R.B.: It works even better because we have political correctness now. Political correctness is the real enemy these days. The black groups want to control our thinking and you can’t say certain things. The homosexual groups don’t want you to criticize them. It’s thought control and freedom of speech control.”6

In a 1982 essay, he wrote, “People ask me to predict the Future, when all I want to do is prevent it.” Montag’s wife Mildred (the name was changed to Linda in the film) takes sleeping pills to separate herself from her parlor walls at night.

Mildred’s overdose opens the book. She doesn’t even realize how serious that is. Because medicine is within reach to help people deal with the side effects of screen attachment—it eliminates memories and increases the checked out state of everyone.

Screens in the book are the product of poor political choices. Today, they’re the things that drive the proliferation of disturbing narratives. Censorship is part of both scenarios.7

Fahrenheit 451 illuminates the flaws at structural level. Its a world designed to prevent people from thinking, connecting, questioning, and being physically engaged. Clarisse is the only character who appears to have preserved the characteristics of the child.

Clarisse in Fahreneit 451 (1966)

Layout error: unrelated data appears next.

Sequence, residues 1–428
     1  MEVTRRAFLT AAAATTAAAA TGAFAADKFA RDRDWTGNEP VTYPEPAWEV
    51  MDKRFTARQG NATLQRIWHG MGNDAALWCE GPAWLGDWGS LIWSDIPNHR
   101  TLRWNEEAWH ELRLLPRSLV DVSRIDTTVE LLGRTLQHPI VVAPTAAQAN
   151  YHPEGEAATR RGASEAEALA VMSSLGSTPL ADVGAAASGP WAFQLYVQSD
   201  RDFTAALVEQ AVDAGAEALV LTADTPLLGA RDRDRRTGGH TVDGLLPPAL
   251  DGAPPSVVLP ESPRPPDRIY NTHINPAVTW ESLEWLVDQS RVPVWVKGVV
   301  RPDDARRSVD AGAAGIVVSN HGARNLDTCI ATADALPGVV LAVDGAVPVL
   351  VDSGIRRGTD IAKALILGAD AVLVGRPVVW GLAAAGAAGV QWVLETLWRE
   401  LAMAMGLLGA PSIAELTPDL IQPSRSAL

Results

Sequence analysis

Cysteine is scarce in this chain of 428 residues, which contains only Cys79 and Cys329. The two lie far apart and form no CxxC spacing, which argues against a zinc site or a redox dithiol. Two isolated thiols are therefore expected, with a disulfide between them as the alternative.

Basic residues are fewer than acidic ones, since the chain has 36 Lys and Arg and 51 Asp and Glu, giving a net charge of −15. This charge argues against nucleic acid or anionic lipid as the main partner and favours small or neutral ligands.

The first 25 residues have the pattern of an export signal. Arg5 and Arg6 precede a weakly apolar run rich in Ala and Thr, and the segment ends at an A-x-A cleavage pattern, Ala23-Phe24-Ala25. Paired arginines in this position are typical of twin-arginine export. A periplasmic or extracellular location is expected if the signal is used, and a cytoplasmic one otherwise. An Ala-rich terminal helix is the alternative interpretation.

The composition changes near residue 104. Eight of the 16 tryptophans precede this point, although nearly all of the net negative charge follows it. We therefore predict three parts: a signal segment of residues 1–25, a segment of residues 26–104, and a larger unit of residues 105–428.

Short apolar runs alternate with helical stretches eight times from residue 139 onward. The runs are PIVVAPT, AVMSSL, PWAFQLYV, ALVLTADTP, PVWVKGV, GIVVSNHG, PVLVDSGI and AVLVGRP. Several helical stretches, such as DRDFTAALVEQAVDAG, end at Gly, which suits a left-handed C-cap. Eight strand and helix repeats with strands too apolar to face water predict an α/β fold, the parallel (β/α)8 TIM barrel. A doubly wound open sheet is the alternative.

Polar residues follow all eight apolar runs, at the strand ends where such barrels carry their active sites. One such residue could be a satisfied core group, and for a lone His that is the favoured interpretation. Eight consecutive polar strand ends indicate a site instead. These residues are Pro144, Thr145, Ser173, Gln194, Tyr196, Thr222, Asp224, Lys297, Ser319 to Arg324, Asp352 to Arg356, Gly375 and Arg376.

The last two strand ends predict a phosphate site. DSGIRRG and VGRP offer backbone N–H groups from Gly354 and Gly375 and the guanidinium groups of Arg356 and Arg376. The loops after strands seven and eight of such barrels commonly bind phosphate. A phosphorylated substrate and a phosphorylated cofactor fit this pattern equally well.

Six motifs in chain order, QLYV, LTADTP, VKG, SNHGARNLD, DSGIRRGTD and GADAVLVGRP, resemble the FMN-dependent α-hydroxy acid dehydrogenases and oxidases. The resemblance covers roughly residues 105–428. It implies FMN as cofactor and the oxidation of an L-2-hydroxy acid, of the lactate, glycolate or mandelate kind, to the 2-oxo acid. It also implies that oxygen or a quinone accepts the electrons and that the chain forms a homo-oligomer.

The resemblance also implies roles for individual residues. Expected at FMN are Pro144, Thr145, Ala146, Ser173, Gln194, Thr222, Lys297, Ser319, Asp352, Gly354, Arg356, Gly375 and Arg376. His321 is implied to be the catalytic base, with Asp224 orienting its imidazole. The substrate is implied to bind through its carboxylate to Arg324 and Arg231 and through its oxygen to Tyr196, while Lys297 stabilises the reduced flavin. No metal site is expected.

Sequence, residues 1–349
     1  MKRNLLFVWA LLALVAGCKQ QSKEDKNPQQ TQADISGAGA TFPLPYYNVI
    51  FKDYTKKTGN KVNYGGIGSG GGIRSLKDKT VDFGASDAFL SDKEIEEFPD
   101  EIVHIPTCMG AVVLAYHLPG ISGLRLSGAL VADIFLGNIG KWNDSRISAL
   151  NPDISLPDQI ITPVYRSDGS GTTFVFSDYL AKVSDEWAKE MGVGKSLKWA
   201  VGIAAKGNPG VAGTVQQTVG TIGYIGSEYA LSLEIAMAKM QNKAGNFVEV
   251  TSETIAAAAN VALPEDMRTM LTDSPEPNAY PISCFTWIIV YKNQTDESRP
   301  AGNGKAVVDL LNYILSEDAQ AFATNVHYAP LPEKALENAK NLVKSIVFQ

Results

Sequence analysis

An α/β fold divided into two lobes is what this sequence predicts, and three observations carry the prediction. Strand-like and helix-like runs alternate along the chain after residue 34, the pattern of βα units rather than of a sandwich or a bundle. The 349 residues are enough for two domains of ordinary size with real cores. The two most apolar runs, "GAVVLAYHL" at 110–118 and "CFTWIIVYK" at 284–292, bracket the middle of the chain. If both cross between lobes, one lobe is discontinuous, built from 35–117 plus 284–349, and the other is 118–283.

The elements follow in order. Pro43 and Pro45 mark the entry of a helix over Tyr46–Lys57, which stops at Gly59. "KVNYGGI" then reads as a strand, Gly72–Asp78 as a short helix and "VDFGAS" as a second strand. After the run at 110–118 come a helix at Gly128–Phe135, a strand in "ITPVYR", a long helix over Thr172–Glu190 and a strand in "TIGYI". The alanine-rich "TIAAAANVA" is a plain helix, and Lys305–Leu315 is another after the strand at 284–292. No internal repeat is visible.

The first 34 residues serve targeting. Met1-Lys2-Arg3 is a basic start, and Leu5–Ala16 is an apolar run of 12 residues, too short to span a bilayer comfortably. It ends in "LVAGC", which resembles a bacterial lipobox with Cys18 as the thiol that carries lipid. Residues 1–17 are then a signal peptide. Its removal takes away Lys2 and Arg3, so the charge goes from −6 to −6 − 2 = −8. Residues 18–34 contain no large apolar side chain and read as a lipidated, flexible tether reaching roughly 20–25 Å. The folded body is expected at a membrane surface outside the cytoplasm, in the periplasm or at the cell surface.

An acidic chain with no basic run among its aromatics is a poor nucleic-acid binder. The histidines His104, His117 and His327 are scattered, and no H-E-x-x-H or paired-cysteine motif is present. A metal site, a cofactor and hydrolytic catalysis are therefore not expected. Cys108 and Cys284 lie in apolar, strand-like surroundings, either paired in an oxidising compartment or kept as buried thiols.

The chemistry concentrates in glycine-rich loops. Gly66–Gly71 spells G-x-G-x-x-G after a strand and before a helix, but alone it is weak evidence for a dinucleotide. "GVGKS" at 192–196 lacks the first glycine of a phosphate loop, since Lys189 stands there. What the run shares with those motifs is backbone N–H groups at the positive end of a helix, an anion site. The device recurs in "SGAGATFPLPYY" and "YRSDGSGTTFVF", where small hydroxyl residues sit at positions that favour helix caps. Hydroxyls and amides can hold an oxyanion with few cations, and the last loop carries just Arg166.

Clarisse explains to Montag how to see the world differently. She invites him to open his eyes, to ask questions, to engage with the physical world, and to challenge the social order. She’s the only character who criticizes the status quo.

While Montag’s boss is fully aware of how society needs to function. To ban books reinforces political control. As a firefighter, his job is to repress and restrict. Captain Beatty enables the structural conditions that support repression.

Montag with Captain Beatty, Irish actor Cyril Cusack (1966)

If you want to be revolutionary, it looks like preserving knowledge and developing critical thinking are part of it. There was a time when people saw education as a way forward. The ‘book people’ embody that reverence for embracing, saving, and sharing knowledge from books.

“I get letters from teachers all the time saying my books have been banned temporarily,” says Bradbury in the clip. “I say, don’t worry about it, put ’em back on the shelves. You keep putting them back and they keep taking them off, and you finally win.”

“You do the job. You’re the librarian. You’re the teacher. Stand firm and you’ll win. And they always do.”

It started small, with people giving up certain parts. Soon enough they were reduced to footnotes they didn’t even read. Then the books got banned, and burned. And finally, they got burned with their books.

That’s how we got to a world filled with limits and barriers. Our culture judges people incessantly. People joined in the judging and limiting—don’t do this if you want to publish, don’t do these things if you want a job, etc. You cannot make a living writing (well, that one is true for most of us.)